What is the purpose of the Declaration of Independence? 

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The Declaration of Independence was penned by a committee of representatives within the second Continental Congress. The entire Congress signed the final document after it went through several levels of editing and review.

Throughout the American Revolutionary War, the colonies slowly began to pull away from their ties with Great...

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The Declaration of Independence was penned by a committee of representatives within the second Continental Congress. The entire Congress signed the final document after it went through several levels of editing and review.

Throughout the American Revolutionary War, the colonies slowly began to pull away from their ties with Great Britain. They formed their own congress, postal service, military, and currency. In June 1776, Richard Henry Lee suggested to the other members of congress that they should formally state their intention to establish an independent nation, and the concept for the declaration was born.

The purpose of the document was to indicate to Great Britain that they would no longer consider themselves under British rule. Furthermore, the document aimed to explain the many reasons that the colonies felt independence was their best, and only, choice. Among those reasons were the fact that Great Britain had failed to look out for the citizens in the colonies, and that they needed their own government to protect them.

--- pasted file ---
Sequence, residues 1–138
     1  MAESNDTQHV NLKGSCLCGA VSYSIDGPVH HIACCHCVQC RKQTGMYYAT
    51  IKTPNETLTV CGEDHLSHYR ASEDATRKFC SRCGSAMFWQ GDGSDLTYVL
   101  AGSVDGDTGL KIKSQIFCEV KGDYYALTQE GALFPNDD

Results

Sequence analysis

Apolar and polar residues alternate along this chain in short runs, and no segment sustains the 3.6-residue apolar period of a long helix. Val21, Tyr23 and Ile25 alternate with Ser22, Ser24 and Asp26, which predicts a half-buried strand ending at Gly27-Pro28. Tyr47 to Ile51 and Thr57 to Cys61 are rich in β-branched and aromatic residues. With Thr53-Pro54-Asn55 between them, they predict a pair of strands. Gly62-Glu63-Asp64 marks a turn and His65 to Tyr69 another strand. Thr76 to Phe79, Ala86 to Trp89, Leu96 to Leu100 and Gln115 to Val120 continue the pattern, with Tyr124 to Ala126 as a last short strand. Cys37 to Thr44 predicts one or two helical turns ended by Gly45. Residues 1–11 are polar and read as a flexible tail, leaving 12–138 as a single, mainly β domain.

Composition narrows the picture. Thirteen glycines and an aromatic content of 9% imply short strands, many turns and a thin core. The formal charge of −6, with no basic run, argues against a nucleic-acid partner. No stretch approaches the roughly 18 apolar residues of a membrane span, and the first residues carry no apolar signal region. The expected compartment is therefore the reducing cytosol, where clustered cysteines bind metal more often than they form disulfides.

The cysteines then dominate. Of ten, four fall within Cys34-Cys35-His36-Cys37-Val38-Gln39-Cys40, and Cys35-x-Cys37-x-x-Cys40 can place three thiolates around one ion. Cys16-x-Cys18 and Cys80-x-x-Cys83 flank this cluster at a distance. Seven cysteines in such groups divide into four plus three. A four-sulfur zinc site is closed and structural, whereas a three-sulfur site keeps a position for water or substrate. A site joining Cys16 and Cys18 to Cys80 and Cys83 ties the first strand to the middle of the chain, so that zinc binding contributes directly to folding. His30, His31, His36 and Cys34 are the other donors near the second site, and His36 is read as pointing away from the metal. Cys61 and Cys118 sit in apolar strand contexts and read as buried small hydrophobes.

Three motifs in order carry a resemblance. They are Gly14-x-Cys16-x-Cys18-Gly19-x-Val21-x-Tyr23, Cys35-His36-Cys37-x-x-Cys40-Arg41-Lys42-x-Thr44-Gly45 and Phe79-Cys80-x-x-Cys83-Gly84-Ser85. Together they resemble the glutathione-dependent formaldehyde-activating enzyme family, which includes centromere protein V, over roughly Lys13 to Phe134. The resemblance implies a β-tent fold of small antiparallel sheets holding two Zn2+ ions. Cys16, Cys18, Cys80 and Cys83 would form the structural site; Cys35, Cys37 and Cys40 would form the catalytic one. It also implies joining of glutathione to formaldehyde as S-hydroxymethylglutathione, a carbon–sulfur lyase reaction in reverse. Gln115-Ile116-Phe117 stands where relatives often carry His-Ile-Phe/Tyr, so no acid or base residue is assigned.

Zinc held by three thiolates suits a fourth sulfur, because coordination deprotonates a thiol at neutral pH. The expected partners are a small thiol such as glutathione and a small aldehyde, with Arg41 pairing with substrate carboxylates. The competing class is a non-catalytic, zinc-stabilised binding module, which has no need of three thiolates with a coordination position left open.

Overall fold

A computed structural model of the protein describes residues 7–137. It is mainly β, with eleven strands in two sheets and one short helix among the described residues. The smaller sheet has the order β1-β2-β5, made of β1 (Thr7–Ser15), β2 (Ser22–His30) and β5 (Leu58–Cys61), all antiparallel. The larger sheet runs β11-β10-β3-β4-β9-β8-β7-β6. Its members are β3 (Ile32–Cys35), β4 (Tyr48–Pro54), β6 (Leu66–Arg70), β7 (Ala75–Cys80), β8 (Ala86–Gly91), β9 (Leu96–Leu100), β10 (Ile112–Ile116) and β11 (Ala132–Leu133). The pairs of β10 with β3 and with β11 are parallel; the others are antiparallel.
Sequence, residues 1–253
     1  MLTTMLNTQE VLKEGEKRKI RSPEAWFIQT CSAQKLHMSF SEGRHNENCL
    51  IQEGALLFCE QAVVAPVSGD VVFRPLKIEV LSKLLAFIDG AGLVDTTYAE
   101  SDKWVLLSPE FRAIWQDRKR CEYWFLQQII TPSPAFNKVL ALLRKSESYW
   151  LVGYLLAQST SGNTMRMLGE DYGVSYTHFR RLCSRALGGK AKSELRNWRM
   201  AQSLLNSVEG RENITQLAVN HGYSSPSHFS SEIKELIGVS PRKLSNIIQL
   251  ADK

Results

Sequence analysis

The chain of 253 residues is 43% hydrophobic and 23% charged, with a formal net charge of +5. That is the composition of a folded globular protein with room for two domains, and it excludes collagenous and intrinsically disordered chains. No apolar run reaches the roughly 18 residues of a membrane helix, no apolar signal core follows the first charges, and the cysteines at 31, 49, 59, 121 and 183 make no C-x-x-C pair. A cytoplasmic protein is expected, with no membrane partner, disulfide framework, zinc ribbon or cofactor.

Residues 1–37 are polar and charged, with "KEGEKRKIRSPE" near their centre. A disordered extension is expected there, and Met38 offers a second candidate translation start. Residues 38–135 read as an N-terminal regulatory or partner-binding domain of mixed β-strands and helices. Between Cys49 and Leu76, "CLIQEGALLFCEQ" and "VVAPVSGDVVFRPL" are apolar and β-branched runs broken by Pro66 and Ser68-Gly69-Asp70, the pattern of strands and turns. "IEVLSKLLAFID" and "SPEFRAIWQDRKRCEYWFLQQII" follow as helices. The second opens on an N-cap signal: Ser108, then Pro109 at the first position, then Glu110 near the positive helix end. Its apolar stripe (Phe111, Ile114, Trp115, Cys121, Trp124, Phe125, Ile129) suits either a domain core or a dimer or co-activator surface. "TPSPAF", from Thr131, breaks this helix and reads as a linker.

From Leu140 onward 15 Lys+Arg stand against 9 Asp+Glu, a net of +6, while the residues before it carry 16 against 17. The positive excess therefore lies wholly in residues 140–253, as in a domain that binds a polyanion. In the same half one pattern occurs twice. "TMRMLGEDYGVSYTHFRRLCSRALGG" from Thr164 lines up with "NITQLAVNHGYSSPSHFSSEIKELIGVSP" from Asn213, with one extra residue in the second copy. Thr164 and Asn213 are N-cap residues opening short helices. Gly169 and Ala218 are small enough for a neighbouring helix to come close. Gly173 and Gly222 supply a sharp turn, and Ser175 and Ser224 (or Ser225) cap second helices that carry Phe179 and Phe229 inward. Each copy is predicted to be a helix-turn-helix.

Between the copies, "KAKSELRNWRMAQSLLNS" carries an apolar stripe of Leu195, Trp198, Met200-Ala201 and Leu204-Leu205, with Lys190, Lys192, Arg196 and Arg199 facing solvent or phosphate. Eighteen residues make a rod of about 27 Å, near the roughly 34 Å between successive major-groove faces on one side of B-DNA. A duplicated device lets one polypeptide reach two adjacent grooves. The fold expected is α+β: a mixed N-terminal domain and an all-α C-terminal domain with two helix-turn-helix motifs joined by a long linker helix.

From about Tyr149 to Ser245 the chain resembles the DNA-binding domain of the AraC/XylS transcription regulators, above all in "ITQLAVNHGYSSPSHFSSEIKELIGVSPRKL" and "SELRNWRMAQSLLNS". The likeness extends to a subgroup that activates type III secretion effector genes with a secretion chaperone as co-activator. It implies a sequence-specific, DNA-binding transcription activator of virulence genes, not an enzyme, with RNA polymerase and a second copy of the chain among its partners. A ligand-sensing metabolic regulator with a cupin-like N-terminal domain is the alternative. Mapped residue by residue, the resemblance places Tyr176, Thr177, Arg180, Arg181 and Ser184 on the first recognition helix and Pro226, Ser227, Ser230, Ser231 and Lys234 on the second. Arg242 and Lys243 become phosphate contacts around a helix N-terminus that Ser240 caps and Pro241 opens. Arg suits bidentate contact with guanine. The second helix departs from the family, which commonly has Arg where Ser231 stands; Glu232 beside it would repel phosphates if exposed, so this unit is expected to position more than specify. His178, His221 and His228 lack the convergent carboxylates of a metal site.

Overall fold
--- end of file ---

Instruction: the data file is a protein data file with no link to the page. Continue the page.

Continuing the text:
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There were several purposes of the Declaration of Independence. The main purpose was for the colonists to let Great Britain and the rest of the world know that were free from British rule. This declaration stated that we considered ourselves an independent country. We wanted the other countries in the world to know they could now make various agreements with us.

Another purpose of the Declaration of Independence was to explain to everybody why we were declaring independence. We explained that we believed the job of government is to protect the rights of the citizens that it is governing. We believed that if a government stopped protecting the rights of the people, the people had to remove the government and replace it with a new government that would protect the people’s rights. The Declaration of Independence went on to say all the things the King of England had done that were in violation of the rights of the colonists. Thus, we had no choice but to replace the government after attempts to resolve our differences with Great Britain failed to work.

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